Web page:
Should you take food with you to the British Virgin Islands?

Vacuum packed salmon fillets

Whether or not to take food to the British Virgin Islands when you charter a sailboat is a hotly debated topic. There are two reasons to take down food. One is budget and the second is convenience.


It may be cheaper to bring some food with you. Someone did a recent study comparing grocery prices in St. Thomas to prices in Washington DC and discovered that some things were much more expensive and some things were cheaper. For example, orange juice was $1.58 per half gallon in Washington DC  but $5.09 on St. Thomas.

Other items on the list that were more than twice as expensive on St. Thomas as in Washington included beef bologna, bacon, beef liver, saltine crackers, beef hot dogs, corn flakes, bread and mustard.

The study also found that some things were cheaper, like chicken, tuna, apples and lemons.


We don’t worry too much about prices when we go to the British Virgin Islands. We bring down food so that we can prepare it at home, when we are excited about our trip, and then when we are on our trip, we can pull out premarinated meat that is all setup and ready to go, leaving us more time to enjoy our vacation. And less mess to clean up in a small boat galley.

We take down meat, snacks (like nuts and salami). We vacuum pack it at home, freeze it well and then bring it down in a cooler. If we are taking the kids with us, we also take down things like macaroni and cheese which are ridiculously expensive in the Virgin Islands.

We find that many people take down coolers full of food – especially steaks. If you are taking a cooler, it’s probably worth throwing a few food items in it. (We take things that we buy cheap in bulk at Sam’s Club that are good for happy hour snacks like all the salami, ham, and crackers.) But if you’re not already taking a cooler, it’s probably just as easy to order groceries in the BVI. You can check current grocery prices in the BVI by checking prices Bobby’s Marketplace. (You order ahead of time and they deliver to your boat).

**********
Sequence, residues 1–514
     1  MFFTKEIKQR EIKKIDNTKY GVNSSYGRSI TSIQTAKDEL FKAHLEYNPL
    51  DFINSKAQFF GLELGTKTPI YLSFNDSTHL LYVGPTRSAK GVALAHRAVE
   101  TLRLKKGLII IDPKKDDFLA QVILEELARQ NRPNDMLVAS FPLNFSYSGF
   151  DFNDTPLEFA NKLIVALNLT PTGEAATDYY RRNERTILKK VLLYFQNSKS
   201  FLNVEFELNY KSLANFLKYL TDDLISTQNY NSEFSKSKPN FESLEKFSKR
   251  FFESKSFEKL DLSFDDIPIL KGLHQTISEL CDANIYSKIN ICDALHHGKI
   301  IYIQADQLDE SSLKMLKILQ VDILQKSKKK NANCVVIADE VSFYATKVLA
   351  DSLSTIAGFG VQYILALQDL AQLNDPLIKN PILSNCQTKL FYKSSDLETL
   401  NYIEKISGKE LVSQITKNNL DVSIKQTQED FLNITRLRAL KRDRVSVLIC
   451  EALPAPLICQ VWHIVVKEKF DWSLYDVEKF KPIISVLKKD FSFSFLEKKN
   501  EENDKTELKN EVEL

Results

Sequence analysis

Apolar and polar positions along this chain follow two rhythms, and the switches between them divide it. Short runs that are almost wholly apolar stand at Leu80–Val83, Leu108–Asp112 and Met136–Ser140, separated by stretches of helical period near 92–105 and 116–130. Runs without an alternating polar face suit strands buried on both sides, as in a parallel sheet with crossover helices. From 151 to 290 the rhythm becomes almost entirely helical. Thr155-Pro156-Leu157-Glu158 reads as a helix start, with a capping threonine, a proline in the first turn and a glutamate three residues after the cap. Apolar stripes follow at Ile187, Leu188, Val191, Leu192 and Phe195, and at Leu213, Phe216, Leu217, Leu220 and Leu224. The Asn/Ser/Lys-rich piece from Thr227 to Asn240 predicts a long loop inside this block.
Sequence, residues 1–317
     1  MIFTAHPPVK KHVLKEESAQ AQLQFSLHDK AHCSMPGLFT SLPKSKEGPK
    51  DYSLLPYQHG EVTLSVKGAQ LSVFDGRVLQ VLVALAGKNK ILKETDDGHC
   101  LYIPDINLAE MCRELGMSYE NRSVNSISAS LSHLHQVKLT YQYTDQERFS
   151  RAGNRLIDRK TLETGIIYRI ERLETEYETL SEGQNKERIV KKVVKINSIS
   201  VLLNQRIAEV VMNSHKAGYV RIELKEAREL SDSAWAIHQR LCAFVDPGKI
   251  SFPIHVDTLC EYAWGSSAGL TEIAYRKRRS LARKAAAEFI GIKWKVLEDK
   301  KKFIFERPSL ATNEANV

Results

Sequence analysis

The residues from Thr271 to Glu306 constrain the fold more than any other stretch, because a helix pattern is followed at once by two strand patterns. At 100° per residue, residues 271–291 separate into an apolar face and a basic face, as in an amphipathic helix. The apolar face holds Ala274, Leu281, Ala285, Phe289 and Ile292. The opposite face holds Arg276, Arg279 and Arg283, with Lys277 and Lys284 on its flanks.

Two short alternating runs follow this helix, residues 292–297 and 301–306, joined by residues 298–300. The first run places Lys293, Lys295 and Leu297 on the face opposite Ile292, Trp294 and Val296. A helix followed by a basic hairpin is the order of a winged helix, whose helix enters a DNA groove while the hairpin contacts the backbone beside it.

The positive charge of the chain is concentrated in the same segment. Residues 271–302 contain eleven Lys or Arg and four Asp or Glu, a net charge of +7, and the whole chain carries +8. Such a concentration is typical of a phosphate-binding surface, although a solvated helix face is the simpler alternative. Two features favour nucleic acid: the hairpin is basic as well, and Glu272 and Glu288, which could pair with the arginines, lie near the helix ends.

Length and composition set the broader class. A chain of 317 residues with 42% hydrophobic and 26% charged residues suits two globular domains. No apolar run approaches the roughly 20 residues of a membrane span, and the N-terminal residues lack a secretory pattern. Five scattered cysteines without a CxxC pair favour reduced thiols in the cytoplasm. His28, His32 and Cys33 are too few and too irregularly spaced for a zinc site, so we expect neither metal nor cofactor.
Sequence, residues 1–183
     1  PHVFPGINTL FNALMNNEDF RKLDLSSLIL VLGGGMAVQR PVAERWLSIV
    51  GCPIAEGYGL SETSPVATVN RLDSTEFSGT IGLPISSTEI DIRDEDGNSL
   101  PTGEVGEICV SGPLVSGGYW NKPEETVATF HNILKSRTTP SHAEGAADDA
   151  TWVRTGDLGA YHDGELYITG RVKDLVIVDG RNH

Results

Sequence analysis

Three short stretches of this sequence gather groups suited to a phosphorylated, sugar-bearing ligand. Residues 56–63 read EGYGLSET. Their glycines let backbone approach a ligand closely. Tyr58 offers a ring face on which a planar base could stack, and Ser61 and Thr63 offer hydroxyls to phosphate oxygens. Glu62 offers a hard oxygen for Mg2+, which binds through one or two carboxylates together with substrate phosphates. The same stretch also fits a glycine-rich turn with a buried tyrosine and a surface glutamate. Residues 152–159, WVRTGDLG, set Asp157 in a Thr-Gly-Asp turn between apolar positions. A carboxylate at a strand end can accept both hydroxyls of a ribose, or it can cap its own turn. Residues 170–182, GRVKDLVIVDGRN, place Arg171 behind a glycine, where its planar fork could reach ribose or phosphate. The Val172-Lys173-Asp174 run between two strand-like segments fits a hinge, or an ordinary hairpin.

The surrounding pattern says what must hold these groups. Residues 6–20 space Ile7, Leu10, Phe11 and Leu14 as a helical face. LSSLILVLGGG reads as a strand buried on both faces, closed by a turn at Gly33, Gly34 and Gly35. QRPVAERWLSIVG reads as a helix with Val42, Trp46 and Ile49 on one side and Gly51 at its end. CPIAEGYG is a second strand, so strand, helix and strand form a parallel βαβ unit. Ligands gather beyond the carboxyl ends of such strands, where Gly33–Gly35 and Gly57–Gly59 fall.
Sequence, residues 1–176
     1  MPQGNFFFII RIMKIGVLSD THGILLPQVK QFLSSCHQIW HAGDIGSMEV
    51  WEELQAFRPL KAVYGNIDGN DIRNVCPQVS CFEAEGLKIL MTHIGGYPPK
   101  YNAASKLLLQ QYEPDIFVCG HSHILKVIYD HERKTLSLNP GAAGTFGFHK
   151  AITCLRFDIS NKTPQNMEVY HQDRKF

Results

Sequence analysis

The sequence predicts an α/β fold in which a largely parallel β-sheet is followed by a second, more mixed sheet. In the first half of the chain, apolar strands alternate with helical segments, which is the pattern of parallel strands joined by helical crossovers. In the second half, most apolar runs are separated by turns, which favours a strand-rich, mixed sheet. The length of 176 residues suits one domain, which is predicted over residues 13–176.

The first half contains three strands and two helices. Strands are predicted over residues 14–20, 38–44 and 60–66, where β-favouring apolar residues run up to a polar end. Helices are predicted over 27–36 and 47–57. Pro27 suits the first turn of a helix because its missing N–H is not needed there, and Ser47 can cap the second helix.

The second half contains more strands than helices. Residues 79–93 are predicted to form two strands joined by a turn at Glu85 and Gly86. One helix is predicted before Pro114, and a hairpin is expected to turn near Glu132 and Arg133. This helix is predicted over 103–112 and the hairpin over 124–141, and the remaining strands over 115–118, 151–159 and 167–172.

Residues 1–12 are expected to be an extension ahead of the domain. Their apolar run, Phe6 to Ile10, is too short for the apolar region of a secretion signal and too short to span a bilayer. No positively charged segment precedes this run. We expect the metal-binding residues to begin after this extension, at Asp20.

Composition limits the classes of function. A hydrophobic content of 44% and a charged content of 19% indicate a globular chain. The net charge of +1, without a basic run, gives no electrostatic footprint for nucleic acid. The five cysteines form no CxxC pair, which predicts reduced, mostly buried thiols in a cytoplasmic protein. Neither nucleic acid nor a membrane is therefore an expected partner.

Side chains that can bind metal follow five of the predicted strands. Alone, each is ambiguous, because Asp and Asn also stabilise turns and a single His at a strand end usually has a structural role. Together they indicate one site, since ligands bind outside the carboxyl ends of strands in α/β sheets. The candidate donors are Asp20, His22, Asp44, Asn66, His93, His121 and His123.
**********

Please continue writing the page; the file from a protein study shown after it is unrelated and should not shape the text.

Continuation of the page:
Here’s some more from our experiences of buying food for your BVI sailing vacation.


  1. Taking a cooler with – what can and can you not take through customs on the way to the BVI? We charter twice a year, and were thinking of taking a cooler of food with this time. What can and cannot be brought in for personal use? What forms must be filled out, and duties paid?

    • We take a cooler full of meat, spices, nuts, etc. We just tell them the value of all the food we have with us when we enter.

  2. Doesn’t BVI Customs have restrictions on bringing in meat and poultry? I think I saw something in the Sunsail guide about how you have to apply ahead of time to bring meat into the country.
    I do plan on bringing in dry goods that will not push us over the weight limit for the checked bags (so far I have pasta, rice, instant oatmeal, drink mix, trail mix, spices, coffee, Soymilk (2 unfridgerated cartons), cookies, condiments). Any other suggestions?

    • It looks like you might have to apply ahead of time to bring in meat because of Hoof and Mouth disease.

      We’ve never had any problem though and never been questioned about our food at all either.

      You can check the prices online for Bobby’s Marketplace to see what makes sense. I think for things like spices where you don’t want to buy a whole new bottle, it really makes sense.

  3. Just got back from our trip.

    We took a cooler with 30 pounds of meat and chicken with us, as well as 4 pounds of dry ice. Even with an overnight delay in puerto rico, the cooler was still frozen with a few small chunks of dry ice left when we arrived in Tortola. We did have to pay a 10% duty, but that’s no big deal.

    To recieve a permit to import meat, simply send an email to bvigov_vet@gov.gv They will email a form for you to fill out and return to them. Seems as though you can pretty much bring anything with you except for raw sausage.

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